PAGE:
Updated: Nov 21
"You're wasting my f***ing time!!!"
Cue 80's record scratch as a distraught bald and bearded screenwriter, iPhone in hand and seated in a Taco Bell looks up to the camera and says - I bet you're wondering how we got here...
That lovely opening line was shouted at me by a screenwriter during a recent conversation. I'll come back to this, but first, let's backtrack a moment. I love screenwriting. It is my passion. It has filled my life with purpose. Once I famously stumbled upon it, I found a hole in my soul become filled. Having that happen, I felt the drive to spread the gospel.
Suffice it to say, I strive hard to be a paragon of screenwriting. Why? Because this is a brutal craft. It can be isolating, frustrating, and soul-crushing. A perfect recipe to throw a motivated screenwriter spiraling downward. And I've been there. At the bottom. Lost. Alone. Utterly defeated. I spent over a decade querying and getting my work read by huge studios and names only to have them pass at the last minute. Then slowly, almost imperceptibly things began to change in the right direction. But before that it was tough. It's supposed to be. The hottest fires temper the strongest blades. You can get there.
During my path, I've been told by professionals I was not meant to be a screenwriter. That I was terrible at it. I would pay a ton of money for professional feedback and instead receive not so thinly veiled insults about my work and myself (talk about a lack of subtext.) When confronting these professionals about their choice of words I was told it's best that "you know it now so that you don't waste your time." They thought they were doing me a favor by using what they claimed was 'honest feedback.'
Here's the problem. That's not honesty. To tear someone's work down without providing a credible technique, tool, or even simple trick to improve their craft can only be described as one thing... Cruelty. This attitude, dare I say technique, is unfortunately prevalent in the Indie industry. There are even services that boast about it as if that's something to be proud of.
This negative "neg" culture has led to frustration and bitterness among some indie screenwriters. It's hard enough to query, pitch, and compete in contests. That can wear you down. But to reach out to a so-called professional for help and instead be insulted let alone pay for that kind of treatment is unacceptable. That can be the final nail in a screenwriter's coffin. For instance, imagine if Obi-Wan called Luke a talent-less hack after discovering his Uncle and Aunt were burned alive by Stormtroopers. It's just ridiculous.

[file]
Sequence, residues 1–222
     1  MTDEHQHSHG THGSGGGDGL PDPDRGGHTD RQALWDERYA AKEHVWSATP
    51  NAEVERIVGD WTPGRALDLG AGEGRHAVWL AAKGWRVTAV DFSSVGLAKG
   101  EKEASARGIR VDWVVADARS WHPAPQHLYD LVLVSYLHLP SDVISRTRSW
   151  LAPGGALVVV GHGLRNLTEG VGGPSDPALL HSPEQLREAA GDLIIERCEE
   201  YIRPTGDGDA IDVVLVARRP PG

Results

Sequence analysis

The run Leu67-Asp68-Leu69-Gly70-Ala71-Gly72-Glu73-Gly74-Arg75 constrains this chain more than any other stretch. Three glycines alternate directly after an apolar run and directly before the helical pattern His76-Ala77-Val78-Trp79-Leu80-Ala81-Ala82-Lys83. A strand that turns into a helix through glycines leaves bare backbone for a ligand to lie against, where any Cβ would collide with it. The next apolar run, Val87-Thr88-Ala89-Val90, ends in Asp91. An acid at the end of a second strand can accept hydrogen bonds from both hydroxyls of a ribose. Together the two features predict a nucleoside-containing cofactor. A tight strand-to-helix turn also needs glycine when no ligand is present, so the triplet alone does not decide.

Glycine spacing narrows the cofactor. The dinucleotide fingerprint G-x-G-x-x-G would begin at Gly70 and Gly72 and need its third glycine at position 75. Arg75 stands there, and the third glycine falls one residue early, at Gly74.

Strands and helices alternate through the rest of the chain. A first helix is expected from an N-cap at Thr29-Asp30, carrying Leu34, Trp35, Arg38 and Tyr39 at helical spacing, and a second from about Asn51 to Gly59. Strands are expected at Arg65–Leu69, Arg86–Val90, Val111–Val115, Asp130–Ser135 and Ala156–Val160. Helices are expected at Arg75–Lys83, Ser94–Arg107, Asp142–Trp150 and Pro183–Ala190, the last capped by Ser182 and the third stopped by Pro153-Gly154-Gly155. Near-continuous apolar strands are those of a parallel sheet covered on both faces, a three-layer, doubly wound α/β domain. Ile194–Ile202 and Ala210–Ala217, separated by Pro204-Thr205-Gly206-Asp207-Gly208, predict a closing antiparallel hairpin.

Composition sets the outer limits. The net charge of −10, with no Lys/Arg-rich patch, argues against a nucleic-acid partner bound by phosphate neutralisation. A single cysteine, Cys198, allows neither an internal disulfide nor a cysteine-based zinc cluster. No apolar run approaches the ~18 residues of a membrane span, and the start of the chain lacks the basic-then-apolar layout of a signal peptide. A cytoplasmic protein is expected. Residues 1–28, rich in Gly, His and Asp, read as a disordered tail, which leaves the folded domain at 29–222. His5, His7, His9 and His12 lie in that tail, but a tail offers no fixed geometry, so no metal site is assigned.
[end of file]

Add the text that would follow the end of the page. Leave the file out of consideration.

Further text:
Imagine if Obi-Wan called Luke a talentless hack
This attitude has influenced and seeped into the Indie screenwriting culture. I have seen more and more writers hang their heads low in defeat.
Now fast forward to the opening quote. I received a phone call from a desperate writer who was looking for a mentor. Yes, I was in a Taco Bell eating 3 Crunchy Taco Supremes and a Sweet Tea should you be curious. Mild Sauce of course. I'm not that adventurous.
Usually, I schedule these types of meetings but I was happy to chat. The writer dove into a deep 24-minute rant about how the industry has failed them. I listened. Realizing they needed an ear even though I only do a 15-minute call due to scheduling. But they needed to be heard.
Their dreams were to be a Hollywood Writer. They wanted studios to seek them out and have any of their projects greenlit, formatting issues be damned. They wanted to be the 0.01%. A lofty goal which I respect. They wanted to hire us to set them up on a plan to achieve their goals. Once I was able to get a word in... I told them that I can't do that for you. You can't buy your way to success. It has to be earned, fought for with an unwavering tenacity and the ability to add value to your community. I suggested this writer should start locally. Start small. Find your tribe. Well, that went over poorly.
The writer then expressed to me that they know what they're doing as they've been at this for 17 years. They've tried working with locals, but the project falls through. I explained to them that projects fall through all the time, even in Hollywood. Networking can create a great opportunity. The writer deemed all the locals to be idiots. In which case, I responded: "if that's your attitude then I can see why you're struggling." Thus they told me that I was wasting their F***ing time.
I fought the urge to be petty and tell them my hourly rate on a call like that. I stayed calm. I want to help this person. I have been this person. I told them "what you want, what you desire, needs a community to get there." They hung up the phone. I tried. I really did. I hope that my words will resonate with them and one day they will wake up and realize that a caustic attitude will only poison themselves.
Don't let the system make you bitter. An acerbic attitude will alienate those around you and it will show up in your work as well. This craft, this passion we share has a community. A group ready and willing to help you strive and survive. All you have to do is let yourself be part of it. Oh, and check your formatting.
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